Whale Fest 2013: Artists interpret climate change forecast

Girls and buoys: Convener of the ANU Field Studies program John Reid, alumni Dianna Budd with artists Dierdre Pearce, Carrell Hambrick, Liz Coates, Heike Qualitz, Fran Ifould, Kerry Shepherdson and (front) educational project manager Amelia Zaraftis at the opening on Friday night. The group poses with Diedre Pearce's work 'dis-placed 2013'.
Girls and buoys: Convener of the ANU Field Studies program John Reid, alumni Dianna Budd with artists Dierdre Pearce, Carrell Hambrick, Liz Coates, Heike Qualitz, Fran Ifould, Kerry Shepherdson and (front) educational project manager Amelia Zaraftis at the opening on Friday night. The group poses with Diedre Pearce's work 'dis-placed 2013'.
Girls and buoys: Convener of the ANU Field Studies program John Reid, alumni Dianna Budd with artists Dierdre Pearce, Carrell Hambrick, Liz Coates, Heike Qualitz, Fran Ifould, Kerry Shepherdson and (front) educational project manager Amelia Zaraftis at the opening on Friday night. The group poses with Diedre Pearce's work 'dis-placed 2013'.

Girls and buoys: Convener of the ANU Field Studies program John Reid, alumni Dianna Budd with artists Dierdre Pearce, Carrell Hambrick, Liz Coates, Heike Qualitz, Fran Ifould, Kerry Shepherdson and (front) educational project manager Amelia Zaraftis at the opening on Friday night. The group poses with Diedre Pearce's work 'dis-placed 2013'.

Our coastal environment and how it may look in the future is the focus of a collaborative exhibition on show at this year's Eden Whale Festival.

Now and When is an exhibition by Australian National University School of Art students who started their pieces by studying a scientific report titled South East Coastal Adaptation (SECA): Coastal urban climate futures in SE Australia from Wollongong to Lakes Entrance.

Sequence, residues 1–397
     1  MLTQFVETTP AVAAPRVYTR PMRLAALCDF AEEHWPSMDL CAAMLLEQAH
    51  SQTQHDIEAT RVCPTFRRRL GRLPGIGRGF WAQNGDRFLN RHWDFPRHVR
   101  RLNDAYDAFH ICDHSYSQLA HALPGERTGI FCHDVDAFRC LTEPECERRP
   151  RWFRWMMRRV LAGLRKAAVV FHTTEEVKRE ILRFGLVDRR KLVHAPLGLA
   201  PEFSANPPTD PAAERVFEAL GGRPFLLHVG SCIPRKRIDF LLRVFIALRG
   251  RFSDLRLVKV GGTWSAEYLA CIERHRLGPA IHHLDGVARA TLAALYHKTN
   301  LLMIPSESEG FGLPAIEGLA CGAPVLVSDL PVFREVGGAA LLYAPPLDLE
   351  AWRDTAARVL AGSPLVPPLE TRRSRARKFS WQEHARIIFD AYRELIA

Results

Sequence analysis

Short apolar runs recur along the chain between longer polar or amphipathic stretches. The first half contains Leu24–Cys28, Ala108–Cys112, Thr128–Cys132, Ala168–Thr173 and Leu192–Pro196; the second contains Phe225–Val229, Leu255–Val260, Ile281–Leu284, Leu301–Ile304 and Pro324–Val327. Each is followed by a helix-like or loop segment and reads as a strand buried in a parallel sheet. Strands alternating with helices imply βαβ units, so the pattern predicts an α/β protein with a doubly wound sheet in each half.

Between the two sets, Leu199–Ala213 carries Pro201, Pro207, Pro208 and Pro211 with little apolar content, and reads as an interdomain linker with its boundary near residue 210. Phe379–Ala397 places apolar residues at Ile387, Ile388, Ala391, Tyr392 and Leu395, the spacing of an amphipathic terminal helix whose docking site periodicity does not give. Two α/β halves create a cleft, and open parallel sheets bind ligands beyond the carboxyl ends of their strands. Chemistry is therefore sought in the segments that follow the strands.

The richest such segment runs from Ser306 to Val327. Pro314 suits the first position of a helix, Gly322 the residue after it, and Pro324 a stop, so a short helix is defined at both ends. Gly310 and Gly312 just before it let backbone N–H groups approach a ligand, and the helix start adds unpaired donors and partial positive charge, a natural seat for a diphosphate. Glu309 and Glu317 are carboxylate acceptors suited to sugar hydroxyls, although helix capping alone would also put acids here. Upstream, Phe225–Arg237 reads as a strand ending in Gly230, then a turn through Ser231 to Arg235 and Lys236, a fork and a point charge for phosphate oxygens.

They then traveled to Eden on several occasions to undergo fieldwork and community consultation.

The result? Pieces that cover a range of mediums from painting and photography to sculpture and printmaking.

The exhibition is so large it is being held at two sites, the Sapphire Coast Marine Discovery Centre and the pop up gallery at the former Retravision site in Imlay Street (you won't miss the signage opposite Eden Public School).

Convener John Reid said the artists looked at the coastal landscape with a scientific eye.

"We have grappled with a really big issue, and that's climate change, and we need to keep making that contribution to the community through visual arts."

University of Canberra Urban and regional planning guru Professor Barbara Norman headed up a collaboration between the University of Wollongong, the Australian National University and the University of Canberra on the field study project officially opened the exhibition on Friday night.

"I am very inspired by these paintings, I'm not really an artists myself," she said.

"One of the big issues with climate change is that we haven't been very successful with the communication side," she said.

"This sort of work I hope is the beginning of starting to look at more innovative ways of communicating this really significant challenge."

"We need to work together to share our knowledge and communications."

Using social media at this weekend's festival? Tag it with #EdenWhaleFest2013

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